Coming to the aid of another: It’s what nurses at the Good Samaritan Society do.
“It was scary,” Society nurse Michelle Durant, LPN, says referencing a recent situation in Algona, Iowa. “August 3rd (2021) will always be embedded in my brain.”
Breathing life back into a co-worker and friend takes the job to a new level.
“My next memory was waking up in the hospital,” Society CNA Gail Smith says.
Called upon in a life-or-death situation, Durant and Society clinical care leader Melissa Wolf, RN, didn’t hesitate.
“They said I died,” Smith says. “That’s the first time that ever happened in 35 years.”
Smith, a self-proclaimed epilepsy warrior, is fortunate that “first time” took place at the skilled-care center in Iowa.
During her shift in early August, Smith didn’t feel right. While visiting with Durant at the nurses’ station, she started seizing.
“Her eyes rolled to the back of her head and she started frothing at the mouth,” Durant says. “At one point there was definitely no pulse. She wasn’t breathing or anything.”
After helping Smith safely to the ground, Durant called for help. That’s when Wolf came running down the hall.
“Panic mode sets in real quick and they were very calm,” Administrator Joe Bartolo says, remembering the nurses’ lifesaving efforts.
The two took turns giving breaths and compressions in the small space.
“God’s grace and God’s everything helped us get through it,” Wolf says about the moments before first responders arrived. “When they got here, she was breathing but not responsive enough. So the ambulance came and took her.
“I think our quick response definitely helped Gail.”
“I love them,” she says. “If I would have been home, I would have been dead because my boyfriend didn’t know CPR.”
Thankful for a positive result, Joe is proud of his experienced team.
“To understand how calm they were and how they worked through that entire process the way they did, it speaks volumes to their character. All of our staff look up to them,” Joe says.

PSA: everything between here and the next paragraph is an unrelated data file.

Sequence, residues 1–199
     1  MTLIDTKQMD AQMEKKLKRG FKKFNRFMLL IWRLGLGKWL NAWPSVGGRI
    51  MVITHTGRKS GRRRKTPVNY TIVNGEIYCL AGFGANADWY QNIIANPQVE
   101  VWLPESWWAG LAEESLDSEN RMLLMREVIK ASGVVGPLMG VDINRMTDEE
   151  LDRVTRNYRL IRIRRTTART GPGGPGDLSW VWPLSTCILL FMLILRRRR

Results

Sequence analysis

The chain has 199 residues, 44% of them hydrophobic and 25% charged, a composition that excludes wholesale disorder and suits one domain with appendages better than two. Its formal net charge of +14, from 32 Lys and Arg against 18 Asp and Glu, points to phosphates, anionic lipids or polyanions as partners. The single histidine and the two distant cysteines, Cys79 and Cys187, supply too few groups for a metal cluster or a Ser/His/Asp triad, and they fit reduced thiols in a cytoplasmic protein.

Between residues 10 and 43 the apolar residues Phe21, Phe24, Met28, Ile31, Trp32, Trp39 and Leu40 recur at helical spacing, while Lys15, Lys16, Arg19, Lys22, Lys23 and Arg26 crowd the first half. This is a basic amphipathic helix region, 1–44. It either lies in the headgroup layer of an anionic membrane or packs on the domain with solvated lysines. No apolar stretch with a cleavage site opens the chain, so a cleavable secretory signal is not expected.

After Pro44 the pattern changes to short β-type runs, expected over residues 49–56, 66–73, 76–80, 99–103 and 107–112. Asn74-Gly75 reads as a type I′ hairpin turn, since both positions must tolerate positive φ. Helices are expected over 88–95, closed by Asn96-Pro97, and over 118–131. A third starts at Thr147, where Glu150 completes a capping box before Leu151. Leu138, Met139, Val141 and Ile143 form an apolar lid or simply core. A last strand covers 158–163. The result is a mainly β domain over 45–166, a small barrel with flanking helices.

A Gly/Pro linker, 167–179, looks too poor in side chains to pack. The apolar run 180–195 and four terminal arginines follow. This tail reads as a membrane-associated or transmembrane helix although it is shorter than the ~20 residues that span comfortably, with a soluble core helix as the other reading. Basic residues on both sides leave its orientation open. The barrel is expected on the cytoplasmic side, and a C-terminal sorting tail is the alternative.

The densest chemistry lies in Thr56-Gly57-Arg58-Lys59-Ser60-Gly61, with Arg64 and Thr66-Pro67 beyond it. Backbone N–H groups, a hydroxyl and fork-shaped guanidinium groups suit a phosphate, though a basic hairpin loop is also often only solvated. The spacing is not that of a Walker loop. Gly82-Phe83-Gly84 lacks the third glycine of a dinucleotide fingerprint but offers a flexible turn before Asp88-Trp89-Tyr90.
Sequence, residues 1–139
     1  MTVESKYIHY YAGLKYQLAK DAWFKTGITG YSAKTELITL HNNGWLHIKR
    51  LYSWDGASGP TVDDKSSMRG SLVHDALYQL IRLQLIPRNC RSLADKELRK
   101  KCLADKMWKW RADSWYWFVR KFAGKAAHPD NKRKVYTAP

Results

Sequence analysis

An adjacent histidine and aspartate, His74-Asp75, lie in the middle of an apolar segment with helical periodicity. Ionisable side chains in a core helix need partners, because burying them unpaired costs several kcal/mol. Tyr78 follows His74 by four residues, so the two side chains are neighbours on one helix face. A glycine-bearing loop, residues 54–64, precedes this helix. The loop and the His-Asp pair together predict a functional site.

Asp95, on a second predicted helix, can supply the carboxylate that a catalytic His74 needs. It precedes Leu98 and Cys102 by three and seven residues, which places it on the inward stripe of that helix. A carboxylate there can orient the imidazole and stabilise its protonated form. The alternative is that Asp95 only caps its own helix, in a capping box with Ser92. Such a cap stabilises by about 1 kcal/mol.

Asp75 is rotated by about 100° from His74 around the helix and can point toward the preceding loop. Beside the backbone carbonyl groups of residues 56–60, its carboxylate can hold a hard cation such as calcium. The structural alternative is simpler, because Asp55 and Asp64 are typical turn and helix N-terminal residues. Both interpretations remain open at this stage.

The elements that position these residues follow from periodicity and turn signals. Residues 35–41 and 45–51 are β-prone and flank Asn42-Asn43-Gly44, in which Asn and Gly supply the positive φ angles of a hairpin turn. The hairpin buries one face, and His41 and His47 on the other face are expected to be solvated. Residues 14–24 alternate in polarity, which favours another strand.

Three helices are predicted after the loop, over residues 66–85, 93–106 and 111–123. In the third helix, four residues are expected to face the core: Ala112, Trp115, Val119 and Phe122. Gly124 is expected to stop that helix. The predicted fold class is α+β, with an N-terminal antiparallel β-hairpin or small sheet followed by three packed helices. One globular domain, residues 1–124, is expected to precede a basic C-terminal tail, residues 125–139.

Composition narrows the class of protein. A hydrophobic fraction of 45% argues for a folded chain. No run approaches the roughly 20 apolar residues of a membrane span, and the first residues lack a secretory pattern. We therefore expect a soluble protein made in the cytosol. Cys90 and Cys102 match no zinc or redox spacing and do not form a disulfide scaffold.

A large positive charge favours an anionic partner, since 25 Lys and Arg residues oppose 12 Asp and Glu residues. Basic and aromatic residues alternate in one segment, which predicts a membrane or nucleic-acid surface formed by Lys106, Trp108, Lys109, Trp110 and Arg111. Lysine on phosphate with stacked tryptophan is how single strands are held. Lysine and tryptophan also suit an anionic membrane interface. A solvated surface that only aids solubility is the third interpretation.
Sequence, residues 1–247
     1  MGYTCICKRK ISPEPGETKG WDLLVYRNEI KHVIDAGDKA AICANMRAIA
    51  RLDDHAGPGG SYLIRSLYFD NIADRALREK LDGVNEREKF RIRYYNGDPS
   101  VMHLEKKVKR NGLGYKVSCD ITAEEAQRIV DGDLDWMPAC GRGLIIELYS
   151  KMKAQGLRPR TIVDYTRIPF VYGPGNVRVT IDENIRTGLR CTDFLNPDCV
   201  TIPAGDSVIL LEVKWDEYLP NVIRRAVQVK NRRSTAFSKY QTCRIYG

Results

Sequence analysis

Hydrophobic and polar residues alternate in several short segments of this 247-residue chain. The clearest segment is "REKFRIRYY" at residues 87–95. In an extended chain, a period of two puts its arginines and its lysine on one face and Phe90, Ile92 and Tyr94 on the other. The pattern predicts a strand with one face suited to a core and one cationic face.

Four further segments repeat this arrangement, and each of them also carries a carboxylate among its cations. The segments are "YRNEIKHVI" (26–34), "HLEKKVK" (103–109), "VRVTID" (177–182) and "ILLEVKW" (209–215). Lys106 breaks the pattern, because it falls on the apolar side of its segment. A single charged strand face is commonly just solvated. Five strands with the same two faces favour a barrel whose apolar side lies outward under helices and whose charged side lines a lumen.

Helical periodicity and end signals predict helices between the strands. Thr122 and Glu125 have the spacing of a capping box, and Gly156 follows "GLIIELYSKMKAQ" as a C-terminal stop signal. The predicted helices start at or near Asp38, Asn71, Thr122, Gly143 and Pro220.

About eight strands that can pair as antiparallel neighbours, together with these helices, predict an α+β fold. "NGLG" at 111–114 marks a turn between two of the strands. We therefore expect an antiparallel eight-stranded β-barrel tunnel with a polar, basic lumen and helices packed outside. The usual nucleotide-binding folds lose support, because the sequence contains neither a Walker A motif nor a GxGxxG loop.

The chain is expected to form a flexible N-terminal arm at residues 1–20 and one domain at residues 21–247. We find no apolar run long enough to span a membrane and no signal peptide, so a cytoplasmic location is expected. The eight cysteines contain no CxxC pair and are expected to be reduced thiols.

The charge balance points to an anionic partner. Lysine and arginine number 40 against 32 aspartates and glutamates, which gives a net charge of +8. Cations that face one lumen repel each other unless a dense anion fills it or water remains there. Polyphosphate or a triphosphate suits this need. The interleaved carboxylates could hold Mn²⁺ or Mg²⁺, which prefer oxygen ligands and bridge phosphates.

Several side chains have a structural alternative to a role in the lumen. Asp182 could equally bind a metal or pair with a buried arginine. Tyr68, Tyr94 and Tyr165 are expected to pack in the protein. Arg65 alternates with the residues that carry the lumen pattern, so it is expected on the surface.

The dynamic duo’s quick action is bringing an award from the DAISY Foundation.
“I was like, ‘What?’” Durant says about the honor. “As a young kid, that’s all I ever wanted to do is be a nurse and care for people. I can’t imagine being anywhere else.”
Wolf adds, “The DAISY award is a pretty big deal in the nursing world, no matter what level of nursing you’re at. I was blown away by the honor, and the story that went with it, it tugs on your heartstrings a lot.”
The recognition is a small token of appreciation.
“Sometimes rare that you get one nurse (a DAISY award) and we were fortunate to get two at the same time. Which is pretty cool,” Joe says.
Still recovering following surgery to prevent future seizures, Smith is full with hope.
“I can’t wait to get back to be with the residents. I miss them,” Smith says. “It says a lot about the team that they all work together knowing that I have it and that they’re willing to take care of me. They all watch out for me.”
The mission to serve others runs deep in Algona.
“I went through about three years of really bad cancer and I probably shouldn’t be alive. For me to be able to save somebody else’s life,” Durant says. “God saved me for that reason.
“God saved me so I could save others.”
The ordeal is bringing the group closer together, especially Durant and Wolf.
“Doing CPR on someone was never on my nursing bucket list of things to do or accomplish. Knowing that I did it, I did it well. I did it with the best partner I could think of. When the outcomes come out the way they’re supposed to be, meant to be, it makes it a beautiful ending to a story that could have been totally different,” Wolf says.
Posted In Awards & Recognition, Nursing and Nursing Support, Sanford Stories, Senior Services